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Concerning the Church – part 17
Lessons in the Lutheran Confessions

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Romans 1:15-17

From the Confessions: The Defense of the Augsburg Confession

Concerning the Church 

If we defined the Church in this way, perhaps we would have fairer judges. Many extravagant and wicked writings exist concerning the power of the Pope of Rome, for which no one has ever been incriminated. We alone are blamed because we proclaim the goodness of Christ, that we obtain forgiveness of sins by faith in Christ instead of through ceremonies devised by the pope. Christ, the prophets, and the apostles define the Church much differently than a papal kingdom. Neither should we transfer to the popes what rightly belongs to the true Church, namely, that they are pillars of the truth, that they do not err. How many of them care for the gospel, or consider it worth reading? Many publicly ridicule all religions, or if they approve anything, they endorse only such things as are in harmony with human reason, regarding the rest as mythological, like the tragedies of the poets.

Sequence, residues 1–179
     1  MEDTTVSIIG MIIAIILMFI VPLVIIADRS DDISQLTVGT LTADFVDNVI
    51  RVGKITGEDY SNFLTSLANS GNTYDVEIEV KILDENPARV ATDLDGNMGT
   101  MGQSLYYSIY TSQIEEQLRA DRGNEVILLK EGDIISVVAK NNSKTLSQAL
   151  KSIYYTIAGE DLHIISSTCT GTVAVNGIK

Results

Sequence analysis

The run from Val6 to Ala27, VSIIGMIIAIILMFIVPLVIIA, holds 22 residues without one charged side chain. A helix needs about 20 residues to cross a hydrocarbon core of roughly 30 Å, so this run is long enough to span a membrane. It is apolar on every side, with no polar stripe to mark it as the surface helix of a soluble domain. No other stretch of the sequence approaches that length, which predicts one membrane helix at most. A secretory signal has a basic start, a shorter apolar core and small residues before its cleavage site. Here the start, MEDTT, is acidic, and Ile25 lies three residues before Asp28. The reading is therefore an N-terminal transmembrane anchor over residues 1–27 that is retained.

Pulling It Together

It is the duty of pastors to preach the gospel. It is each church’s obligation to make sure that they do. Yet, it is more than a duty; it is a joyful compulsion. What greater delight is there than to proclaim the mercy of God in Christ? Behold how culture has overtaken some pulpits. Civic and religious politics are the theme of many sermons. Now the law of the land is proclaimed as “truth,” instead of the law of God. Let us teach God’s law, and preach Christ crucified, that people are saved from sin and death through faith in Christ. Churches change, as do human hearts, when pastors delight in the pure proclamation of Christ. Yet, you may be certain of ridicule if you do so preach and teach. Paradoxically, your largest body of detractors may be others who call themselves a church. 

Prayer: Strengthen and embolden your Church, Lord. Amen.

The Creator has revealed to us the Trinitarian nature of the name of God in “Father, Son, and Holy Spirit.” This six-week study explores what it means to “not take the name of the LORD your God in vain,” while at the same time trusting the promise in Christ that “everyone who calls on the name of the Lord shall be saved.”

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